inside of a clam
25
Mollusk traits
  • Getting food filter feeders (clams), grazers
    (snails), predators (slugs)
  • Getting O2 gills in aquatic mollusks, primitive
    lung in snails
  • Open or closed circulatory system

26
Open vs. closed
  • Open
  • No blood vessels
  • Blood surrounds bodys organs, delivers O2
  • Smaller animals
  • Closed
  • Blood vessels
  • Larger animals

27
Reproduction
  • Hermaphrodites (both mollusks and segmented
    worms)
  • Aquatic release sperm and eggs into water
  • Land meet and swap sperm, fertilize eggs inside

28
Segmented worms
leech
earthworm
29
Segmented worms
  • Full coelom (full range of motion, complex organs
    inside)
  • O2 Gets O2 directly from moist skin,
  • closed circulatory system with hearts to deliver
  • Food blood (leeches), or dirt (earthworms)

30
Earthworms rule
  • Swallow dirt, filter out food
  • Loosen soil, helps to aerate soil for plants
  • Also fertilizes plants with castings (poop)

31
Leeches rule
  • Two chemicals in saliva to help it take blood
    from hosts
  • Anesthetic
  • Anti-coagulant

32
Revolution 2 - skeletons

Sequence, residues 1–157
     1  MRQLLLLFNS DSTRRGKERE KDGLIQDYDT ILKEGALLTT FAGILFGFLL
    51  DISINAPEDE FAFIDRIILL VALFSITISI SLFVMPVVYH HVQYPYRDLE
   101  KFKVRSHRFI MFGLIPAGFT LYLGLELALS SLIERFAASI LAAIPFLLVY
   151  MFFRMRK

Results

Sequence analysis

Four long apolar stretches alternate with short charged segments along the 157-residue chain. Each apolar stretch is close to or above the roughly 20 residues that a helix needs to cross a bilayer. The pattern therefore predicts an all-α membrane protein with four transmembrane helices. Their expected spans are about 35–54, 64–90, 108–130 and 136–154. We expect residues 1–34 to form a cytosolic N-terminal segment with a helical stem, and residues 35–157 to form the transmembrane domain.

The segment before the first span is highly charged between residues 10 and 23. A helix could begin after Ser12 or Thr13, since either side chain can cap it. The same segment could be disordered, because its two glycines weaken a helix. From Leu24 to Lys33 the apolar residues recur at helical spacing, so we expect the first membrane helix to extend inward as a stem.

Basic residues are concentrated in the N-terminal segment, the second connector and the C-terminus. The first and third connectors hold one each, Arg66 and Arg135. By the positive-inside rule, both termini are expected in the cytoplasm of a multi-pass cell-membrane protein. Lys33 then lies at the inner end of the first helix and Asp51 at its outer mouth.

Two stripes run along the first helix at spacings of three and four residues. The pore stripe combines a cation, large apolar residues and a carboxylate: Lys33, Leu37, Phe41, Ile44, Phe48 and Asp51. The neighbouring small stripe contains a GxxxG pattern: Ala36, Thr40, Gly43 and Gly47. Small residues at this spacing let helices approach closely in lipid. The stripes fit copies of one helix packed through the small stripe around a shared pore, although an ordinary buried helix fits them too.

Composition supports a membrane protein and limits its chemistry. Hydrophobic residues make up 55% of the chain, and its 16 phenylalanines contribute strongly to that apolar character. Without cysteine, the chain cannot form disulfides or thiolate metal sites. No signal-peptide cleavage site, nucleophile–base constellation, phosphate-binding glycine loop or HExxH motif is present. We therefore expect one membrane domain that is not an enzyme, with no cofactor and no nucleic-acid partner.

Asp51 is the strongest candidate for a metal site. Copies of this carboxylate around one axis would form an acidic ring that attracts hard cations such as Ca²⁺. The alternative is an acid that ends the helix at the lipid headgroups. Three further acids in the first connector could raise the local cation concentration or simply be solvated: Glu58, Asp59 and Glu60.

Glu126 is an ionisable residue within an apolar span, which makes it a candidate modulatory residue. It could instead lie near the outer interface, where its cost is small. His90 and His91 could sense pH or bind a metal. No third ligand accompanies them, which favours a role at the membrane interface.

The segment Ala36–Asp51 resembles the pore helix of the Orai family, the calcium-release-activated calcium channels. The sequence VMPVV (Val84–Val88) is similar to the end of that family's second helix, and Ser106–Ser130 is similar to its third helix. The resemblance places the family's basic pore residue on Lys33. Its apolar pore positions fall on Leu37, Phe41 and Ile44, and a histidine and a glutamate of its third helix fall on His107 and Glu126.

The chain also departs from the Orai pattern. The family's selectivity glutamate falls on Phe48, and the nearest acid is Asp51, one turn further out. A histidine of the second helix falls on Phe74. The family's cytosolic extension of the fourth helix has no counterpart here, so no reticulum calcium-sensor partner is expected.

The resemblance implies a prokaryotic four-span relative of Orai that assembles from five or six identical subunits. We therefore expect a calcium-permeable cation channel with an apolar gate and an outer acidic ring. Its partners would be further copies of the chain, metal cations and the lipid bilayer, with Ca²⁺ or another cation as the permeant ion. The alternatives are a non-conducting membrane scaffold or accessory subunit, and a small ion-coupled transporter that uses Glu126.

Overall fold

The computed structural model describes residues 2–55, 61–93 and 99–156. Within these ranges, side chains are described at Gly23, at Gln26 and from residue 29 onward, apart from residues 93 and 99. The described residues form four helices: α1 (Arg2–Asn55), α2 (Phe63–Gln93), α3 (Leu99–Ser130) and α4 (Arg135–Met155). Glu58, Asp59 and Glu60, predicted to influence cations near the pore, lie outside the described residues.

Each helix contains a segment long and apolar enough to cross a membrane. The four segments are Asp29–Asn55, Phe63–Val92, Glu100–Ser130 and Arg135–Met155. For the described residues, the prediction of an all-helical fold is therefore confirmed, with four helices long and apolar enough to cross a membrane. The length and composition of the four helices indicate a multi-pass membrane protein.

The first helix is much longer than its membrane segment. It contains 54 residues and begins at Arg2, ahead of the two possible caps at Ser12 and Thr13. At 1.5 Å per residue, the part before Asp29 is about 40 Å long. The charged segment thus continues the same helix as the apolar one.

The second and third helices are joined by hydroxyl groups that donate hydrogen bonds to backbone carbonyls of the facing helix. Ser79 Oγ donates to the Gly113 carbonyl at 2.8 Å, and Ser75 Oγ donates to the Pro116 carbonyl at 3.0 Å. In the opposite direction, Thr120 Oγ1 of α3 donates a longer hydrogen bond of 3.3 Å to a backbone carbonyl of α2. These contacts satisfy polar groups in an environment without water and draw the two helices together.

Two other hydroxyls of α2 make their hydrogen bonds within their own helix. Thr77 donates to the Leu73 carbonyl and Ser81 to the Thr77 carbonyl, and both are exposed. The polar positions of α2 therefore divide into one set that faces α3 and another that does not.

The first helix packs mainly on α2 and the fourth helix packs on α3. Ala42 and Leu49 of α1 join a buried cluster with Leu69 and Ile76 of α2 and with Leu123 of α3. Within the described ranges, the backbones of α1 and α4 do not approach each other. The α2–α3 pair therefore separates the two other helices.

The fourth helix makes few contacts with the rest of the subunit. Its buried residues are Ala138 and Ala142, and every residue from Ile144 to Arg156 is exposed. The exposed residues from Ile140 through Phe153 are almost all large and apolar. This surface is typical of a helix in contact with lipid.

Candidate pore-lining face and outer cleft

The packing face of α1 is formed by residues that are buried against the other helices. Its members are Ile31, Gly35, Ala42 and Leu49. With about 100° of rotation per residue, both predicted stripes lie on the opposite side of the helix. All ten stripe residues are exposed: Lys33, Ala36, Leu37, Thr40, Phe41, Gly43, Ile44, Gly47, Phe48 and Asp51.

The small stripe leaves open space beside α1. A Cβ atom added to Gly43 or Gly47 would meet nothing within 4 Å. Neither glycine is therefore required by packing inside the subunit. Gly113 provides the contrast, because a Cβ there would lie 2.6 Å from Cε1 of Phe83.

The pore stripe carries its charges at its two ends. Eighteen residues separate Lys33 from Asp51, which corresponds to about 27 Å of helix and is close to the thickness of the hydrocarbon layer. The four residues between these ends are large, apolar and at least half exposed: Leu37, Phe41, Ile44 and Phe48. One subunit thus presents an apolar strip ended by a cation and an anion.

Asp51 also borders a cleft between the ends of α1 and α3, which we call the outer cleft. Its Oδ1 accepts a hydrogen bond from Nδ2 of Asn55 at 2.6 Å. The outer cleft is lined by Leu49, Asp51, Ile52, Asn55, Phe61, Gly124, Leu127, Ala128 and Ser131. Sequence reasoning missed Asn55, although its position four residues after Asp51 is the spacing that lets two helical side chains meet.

• Structural support for larger bodies (remember,
    no cell walls in animal cells)
  • Two varieties
  • 1) Exoskeleton outside body (arthropods) 2)
    Endoskeleton inside body (echinoderms,
  • chordates)

33
Arthropods
  • Four main classes within this HUGE phylum
  • Arachnids
  • Crustaceans
  • Centipedes / millipedes
  • Insects

34
Arachnids
Black widow
Brown recluse
35
Arachnids
Chigger (flea)
Tick
Scorpion
36
Crustaceans
Crab
Lobster
Barnacles
37
Many-footed ones
Centipede
Millipede
38
Insects
Wasp
Fire ants
Grasshopper
39
Arthropod traits
  • Coelomate (I will also stop writing this now)
  • Segments still (possible connection to segmented
    worms)
  • Exoskeleton

40
Exoskeleton
  • NOT the same as mollusk shell
  • Functions 1) protection, 2) prevent water loss
    on land (waxy layer)
  • Problems Heavy, growth requires molting
  • Therefore arthropods tend to be smaller

41
For respiration
  • System for collecting O2 (tracheal tubes /
    spiracles)
  • Open circulatory system

42
Complex nervous system
Sophisticated sensory / motor control
Compound eye of a fruit fly
43
Arthropod reproduction
  • Internal fertilization (mating) in land
    arthropods
  • External fertilization in sea arthropods

44
Echinoderms
sea urchin
sea star
sea cucumber
45
Echinoderm traits
  • adults radial symmetry (live on ocean floor)
  • larvae are bilaterally symmetric
  • endoskeleton

46
Echinoderm traits
  • Food variety of diet (some eat clams, some eat
    algae, some filter feed)
  • Water vascular system (water instead of blood to
    carry O2)
  • Reproduction typical in water

47
Chordates
48
All chordates
  • Have notochord precursor to vertebral spinal
    column (semirigid, filled with fluid)
  • Vertebrates replace this with a full spinal cord
  • Some chordates are invertebrates still

49
Invertebrate chordates
tunicate
lancelet
50
Endoskeleton advantage
  • Organisms can grow larger with skeleton inside